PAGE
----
an Internet host address in network byte order, created by combining  the  network  number
       net with the local address host, both in host byte order.

       The   structure   in_addr  as  used  in  inet_ntoa(),  inet_makeaddr(),  inet_lnaof()  and
       inet_netof() is defined in <netinet/in.h> as:

           typedef uint32_t in_addr_t;

           struct in_addr {
               in_addr_t s_addr;
           };

ATTRIBUTES

       For an explanation of the terms used in this section, see attributes(7).

       ┌───────────────────────────────┬───────────────┬────────────────┐
       │InterfaceAttributeValue          │
       ├───────────────────────────────┼───────────────┼────────────────┤
       │inet_aton(), inet_addr(),      │ Thread safety │ MT-Safe locale │
       │inet_network(), inet_ntoa()    │               │                │
       ├───────────────────────────────┼───────────────┼────────────────┤
       │inet_makeaddr(), inet_lnaof(), │ Thread safety │ MT-Safe        │
       │inet_netof()                   │               │                │
       └───────────────────────────────┴───────────────┴────────────────┘

CONFORMING TO

       inet_addr(), inet_ntoa(): POSIX.1-2001, POSIX.1-2008, 4.3BSD.

       inet_aton() is not specified in POSIX.1, but is available on most systems.

NOTES

       On x86 architectures, the host byte order is Least Significant Byte first (little endian),
       whereas  the  network  byte order, as used on the Internet, is Most Significant Byte first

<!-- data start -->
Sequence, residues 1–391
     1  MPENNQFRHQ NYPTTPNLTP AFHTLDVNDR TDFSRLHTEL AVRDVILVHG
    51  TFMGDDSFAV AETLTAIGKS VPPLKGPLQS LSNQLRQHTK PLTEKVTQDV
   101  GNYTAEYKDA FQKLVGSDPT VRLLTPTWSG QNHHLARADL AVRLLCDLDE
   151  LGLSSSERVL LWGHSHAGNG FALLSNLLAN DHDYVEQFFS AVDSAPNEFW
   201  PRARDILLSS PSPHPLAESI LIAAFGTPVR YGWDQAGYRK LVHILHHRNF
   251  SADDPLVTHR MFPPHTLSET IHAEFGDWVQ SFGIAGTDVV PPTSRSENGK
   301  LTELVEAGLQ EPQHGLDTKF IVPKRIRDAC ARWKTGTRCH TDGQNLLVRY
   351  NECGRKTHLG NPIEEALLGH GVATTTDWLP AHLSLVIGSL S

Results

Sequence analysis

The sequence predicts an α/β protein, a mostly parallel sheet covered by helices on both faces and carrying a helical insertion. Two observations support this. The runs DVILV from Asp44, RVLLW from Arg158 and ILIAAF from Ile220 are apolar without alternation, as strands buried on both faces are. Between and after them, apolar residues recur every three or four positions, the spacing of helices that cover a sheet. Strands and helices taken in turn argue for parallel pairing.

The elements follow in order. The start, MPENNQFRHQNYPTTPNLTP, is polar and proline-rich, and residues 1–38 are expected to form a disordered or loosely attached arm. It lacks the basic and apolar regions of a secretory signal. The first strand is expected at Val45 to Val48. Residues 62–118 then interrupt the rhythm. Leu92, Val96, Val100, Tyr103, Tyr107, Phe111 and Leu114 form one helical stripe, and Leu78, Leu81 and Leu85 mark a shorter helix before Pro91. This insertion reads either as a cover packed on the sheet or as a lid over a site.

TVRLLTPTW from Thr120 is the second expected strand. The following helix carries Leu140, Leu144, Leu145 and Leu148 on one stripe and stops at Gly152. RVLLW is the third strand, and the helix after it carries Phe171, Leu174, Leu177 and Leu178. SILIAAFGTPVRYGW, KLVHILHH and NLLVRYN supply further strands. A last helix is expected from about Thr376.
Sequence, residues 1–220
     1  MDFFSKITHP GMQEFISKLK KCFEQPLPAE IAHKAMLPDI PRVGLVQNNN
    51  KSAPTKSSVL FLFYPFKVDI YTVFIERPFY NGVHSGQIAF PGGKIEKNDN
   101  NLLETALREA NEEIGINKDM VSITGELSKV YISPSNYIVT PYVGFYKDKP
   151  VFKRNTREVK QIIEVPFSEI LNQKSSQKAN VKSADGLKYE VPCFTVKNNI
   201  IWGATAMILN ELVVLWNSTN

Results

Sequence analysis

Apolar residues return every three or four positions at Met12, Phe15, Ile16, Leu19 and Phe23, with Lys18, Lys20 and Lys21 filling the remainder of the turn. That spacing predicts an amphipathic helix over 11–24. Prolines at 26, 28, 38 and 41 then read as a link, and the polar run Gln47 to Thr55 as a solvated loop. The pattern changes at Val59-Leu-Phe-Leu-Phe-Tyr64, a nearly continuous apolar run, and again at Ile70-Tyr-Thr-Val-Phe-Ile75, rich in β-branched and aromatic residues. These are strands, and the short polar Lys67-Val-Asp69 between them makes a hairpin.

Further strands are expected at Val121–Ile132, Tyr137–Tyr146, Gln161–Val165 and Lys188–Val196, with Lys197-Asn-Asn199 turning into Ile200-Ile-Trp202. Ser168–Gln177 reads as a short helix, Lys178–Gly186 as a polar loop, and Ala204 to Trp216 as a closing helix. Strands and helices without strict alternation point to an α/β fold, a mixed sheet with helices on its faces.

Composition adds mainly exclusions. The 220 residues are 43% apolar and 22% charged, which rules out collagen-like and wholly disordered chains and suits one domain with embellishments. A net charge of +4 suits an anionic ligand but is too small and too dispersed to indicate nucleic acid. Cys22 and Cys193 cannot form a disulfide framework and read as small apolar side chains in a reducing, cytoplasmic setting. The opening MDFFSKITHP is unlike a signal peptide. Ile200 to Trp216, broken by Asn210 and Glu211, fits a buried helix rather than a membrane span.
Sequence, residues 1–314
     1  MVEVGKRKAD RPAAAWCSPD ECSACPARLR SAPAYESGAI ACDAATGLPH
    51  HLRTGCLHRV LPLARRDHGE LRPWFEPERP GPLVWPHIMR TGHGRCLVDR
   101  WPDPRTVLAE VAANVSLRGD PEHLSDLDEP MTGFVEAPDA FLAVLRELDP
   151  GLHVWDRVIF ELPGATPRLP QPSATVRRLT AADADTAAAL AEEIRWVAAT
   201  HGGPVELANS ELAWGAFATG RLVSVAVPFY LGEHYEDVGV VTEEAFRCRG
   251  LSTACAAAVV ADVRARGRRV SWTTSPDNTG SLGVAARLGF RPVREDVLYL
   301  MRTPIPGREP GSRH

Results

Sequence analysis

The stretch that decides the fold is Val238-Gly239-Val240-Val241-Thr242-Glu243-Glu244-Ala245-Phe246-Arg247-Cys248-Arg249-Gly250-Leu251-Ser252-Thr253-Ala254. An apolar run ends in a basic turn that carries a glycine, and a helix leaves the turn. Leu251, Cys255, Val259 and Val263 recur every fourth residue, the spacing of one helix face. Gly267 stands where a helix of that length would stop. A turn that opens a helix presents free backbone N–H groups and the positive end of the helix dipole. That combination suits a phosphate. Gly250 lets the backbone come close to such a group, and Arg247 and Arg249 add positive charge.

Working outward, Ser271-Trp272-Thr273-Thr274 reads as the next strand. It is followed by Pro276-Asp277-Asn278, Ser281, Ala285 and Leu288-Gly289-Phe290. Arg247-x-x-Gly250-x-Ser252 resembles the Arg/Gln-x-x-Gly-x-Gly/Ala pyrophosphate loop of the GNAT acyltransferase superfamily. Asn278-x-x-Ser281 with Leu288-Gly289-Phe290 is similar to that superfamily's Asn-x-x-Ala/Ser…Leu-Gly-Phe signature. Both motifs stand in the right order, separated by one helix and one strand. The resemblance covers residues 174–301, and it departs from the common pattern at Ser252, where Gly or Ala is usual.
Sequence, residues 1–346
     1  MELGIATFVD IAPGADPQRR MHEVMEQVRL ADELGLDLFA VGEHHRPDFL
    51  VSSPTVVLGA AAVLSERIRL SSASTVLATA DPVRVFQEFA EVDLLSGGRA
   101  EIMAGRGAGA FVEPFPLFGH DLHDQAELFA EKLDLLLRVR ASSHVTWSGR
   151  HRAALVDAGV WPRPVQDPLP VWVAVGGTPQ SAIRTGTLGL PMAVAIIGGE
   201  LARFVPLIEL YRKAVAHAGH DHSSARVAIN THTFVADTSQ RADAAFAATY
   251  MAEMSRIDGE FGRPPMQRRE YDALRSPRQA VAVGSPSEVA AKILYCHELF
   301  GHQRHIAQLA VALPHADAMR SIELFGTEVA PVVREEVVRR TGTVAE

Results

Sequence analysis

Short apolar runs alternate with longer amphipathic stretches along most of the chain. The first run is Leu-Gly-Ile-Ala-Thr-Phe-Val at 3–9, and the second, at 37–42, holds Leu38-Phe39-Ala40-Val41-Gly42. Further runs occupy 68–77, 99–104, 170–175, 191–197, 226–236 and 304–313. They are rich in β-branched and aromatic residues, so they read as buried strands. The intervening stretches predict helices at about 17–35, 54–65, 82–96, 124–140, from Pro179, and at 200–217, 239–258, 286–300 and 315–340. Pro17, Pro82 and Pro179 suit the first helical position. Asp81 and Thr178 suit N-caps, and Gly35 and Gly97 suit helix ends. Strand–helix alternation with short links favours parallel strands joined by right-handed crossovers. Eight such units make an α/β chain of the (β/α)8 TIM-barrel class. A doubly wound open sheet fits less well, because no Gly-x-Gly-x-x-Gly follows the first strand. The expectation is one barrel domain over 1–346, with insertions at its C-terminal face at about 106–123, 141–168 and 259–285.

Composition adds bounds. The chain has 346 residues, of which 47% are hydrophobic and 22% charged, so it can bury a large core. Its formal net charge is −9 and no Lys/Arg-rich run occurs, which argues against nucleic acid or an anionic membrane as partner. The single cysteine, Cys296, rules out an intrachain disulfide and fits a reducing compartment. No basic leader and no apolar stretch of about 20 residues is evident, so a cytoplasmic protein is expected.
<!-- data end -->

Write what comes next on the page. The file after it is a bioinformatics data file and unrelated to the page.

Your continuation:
(big endian).

       inet_lnaof(), inet_netof(), and inet_makeaddr() are legacy functions that assume they  are
       dealing  with  classful  network  addresses.   Classful  networking  divides  IPv4 network
       addresses into host and network components at byte boundaries, as follows:

       Class A   This address type is indicated by the value 0 in the most significant bit of the
                 (network  byte  ordered)  address.  The network address is contained in the most
                 significant byte, and the host address occupies the remaining three bytes.

       Class B   This address type is indicated by the binary value 10 in  the  most  significant
                 two  bits  of  the  address.   The  network address is contained in the two most
                 significant bytes, and the host address occupies the remaining two bytes.

       Class C   This address type is indicated by the binary value 110 in the  most  significant
                 three  bits  of the address.  The network address is contained in the three most
                 significant bytes, and the host address occupies the remaining byte.

       Classful network addresses are now obsolete, having been superseded  by  Classless  Inter-
       Domain  Routing  (CIDR),  which  divides  addresses  into  network  and host components at
       arbitrary bit (rather than byte) boundaries.

EXAMPLE

       An example of the use of inet_aton() and  inet_ntoa()  is  shown  below.   Here  are  some
       example runs:

           $ ./a.out 226.000.000.037      # Last byte is in octal
           226.0.0.31
           $ ./a.out 0x7f.1               # First byte is in hex
           127.0.0.1

   Program source

       #define _BSD_SOURCE
       #include <arpa/inet.h>
       #include <stdio.h>
       #include <stdlib.h>

       int
       main(int argc, char *argv[])
       {
           struct in_addr addr;

           if (argc != 2) {
               fprintf(stderr, "%s <dotted-address>\n", argv[0]);
               exit(EXIT_FAILURE);
           }

           if (inet_aton(argv[1], &addr) == 0) {
               fprintf(stderr, "Invalid address\n");
               exit(EXIT_FAILURE);
           }

           printf("%s\n", inet_ntoa(addr));
           exit(EXIT_SUCCESS);
       }

SEE ALSO

       byteorder(3),     getaddrinfo(3),    gethostbyname(3),    getnameinfo(3),    getnetent(3),
       inet_net_pton(3), inet_ntop(3), inet_pton(3), hosts(5), networks(5)

COLOPHON

       This page is part of release 5.02 of the Linux man-pages project.  A  description  of  the
       project,  information  about  reporting  bugs, and the latest version of this page, can be
       found at https://www.kernel.org/doc/man-pages/.